The preferred metal salts are zinc diacrylate and zinc dimethacrylate. These metal salts are water soluble, or dispersable, and are compatible with the other inorganic components conventionally utilized in drilling fluids. Additionally, both zinc diacrylate and zinc dimethacrylate are advantageous because they may contribute to the high density requirement of drilling fluids and will provide good adhesion between the casing and borehole rock formation surfaces.
In addition to the di(meth)acrylic acid metal salts, the monomethacrylic acid salts of certain metals may be utilized as the reactive monomer in the compositions and methods of the present invention. The preferred monomethacrylate is zinc monomethacrylate. Both the di(meth)acrylic acid metal salts and the monomethacrylic acid metal salts are well known and commercially available.
Still further types of monomers that may be utilized as the reactive monomer in the compositions and methods of the present invention are aromatic acid (meth)acrylates. The aromatic acid (meth)acrylates useful in the present invention contain a high degree of carboxyl, anhydride, and reactive ester functional groups. These aromatic acid (meth)acrylates and their preparation are described in U.S. Pat. Nos. 4,722,947 and 4,745,138 to Thanwalla et al. which are incorporated in their entirety herein by reference. The preferred aromatic acid (meth)acrylate is one of sufficiently high acid number to permit solubility in aqueous alkaline mediums. The aromatic acid (meth)acrylates may additionally function as dispersants to maintain the fluidity of the drilling fluid prior to polymerization of these monomers by the addition of a polymerization initiator.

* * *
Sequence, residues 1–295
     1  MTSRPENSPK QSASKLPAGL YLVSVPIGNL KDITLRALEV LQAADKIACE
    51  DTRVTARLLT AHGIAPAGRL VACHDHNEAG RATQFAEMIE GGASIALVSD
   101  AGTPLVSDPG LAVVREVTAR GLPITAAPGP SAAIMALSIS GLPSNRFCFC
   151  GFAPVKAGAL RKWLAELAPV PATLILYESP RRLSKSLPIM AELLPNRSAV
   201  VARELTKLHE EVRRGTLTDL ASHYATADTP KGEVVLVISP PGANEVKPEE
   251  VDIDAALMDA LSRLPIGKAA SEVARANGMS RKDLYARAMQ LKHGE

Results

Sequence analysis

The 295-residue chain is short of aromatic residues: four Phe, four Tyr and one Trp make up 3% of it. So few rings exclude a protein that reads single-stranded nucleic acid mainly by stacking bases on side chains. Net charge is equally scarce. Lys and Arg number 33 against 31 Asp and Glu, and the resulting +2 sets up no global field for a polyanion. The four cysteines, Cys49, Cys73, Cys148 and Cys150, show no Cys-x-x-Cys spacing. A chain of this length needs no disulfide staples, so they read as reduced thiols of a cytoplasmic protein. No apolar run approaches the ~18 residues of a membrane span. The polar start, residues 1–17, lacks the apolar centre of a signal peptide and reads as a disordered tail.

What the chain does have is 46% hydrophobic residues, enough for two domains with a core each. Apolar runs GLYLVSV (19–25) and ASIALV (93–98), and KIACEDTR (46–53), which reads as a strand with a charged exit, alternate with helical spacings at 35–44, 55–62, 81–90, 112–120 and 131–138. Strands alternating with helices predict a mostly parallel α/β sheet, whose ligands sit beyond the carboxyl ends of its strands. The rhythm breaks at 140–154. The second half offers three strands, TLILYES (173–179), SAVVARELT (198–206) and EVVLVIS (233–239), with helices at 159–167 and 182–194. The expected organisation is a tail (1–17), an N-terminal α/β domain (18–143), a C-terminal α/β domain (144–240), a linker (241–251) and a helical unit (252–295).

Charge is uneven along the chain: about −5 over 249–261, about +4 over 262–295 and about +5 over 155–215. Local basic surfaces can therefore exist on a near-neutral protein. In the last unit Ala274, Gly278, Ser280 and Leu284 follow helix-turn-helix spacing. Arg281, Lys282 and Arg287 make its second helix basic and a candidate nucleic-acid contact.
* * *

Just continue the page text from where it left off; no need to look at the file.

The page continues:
The reactive monomers may be used singly or in combination. The preferred reactive monomer is zinc diacrylate. The amount of the reactive monomer, or monomers, to be used is a crosslinking-effective amount or, in other words, an amount that is sufficient upon crosslinking to solidify the drilling fluid in situ and secure the drill pipe in its position in the borehole. The lower limit of the amount of reactive monomer that may be used is calculated based on the amount and surface area of the dispersed phase solids and additives in the drilling fluid. The amount must be sufficient to form a solidified drilling fluid mass upon crosslinking. The amount used preferably does not exceed the solubility of the reactive monomer in water. If an amount that exceeds the solubility limit is utilized, no benefit to polymerization will be observed. However, the excess monomer may provide additional benefits, i.e., improved fluid viscosity.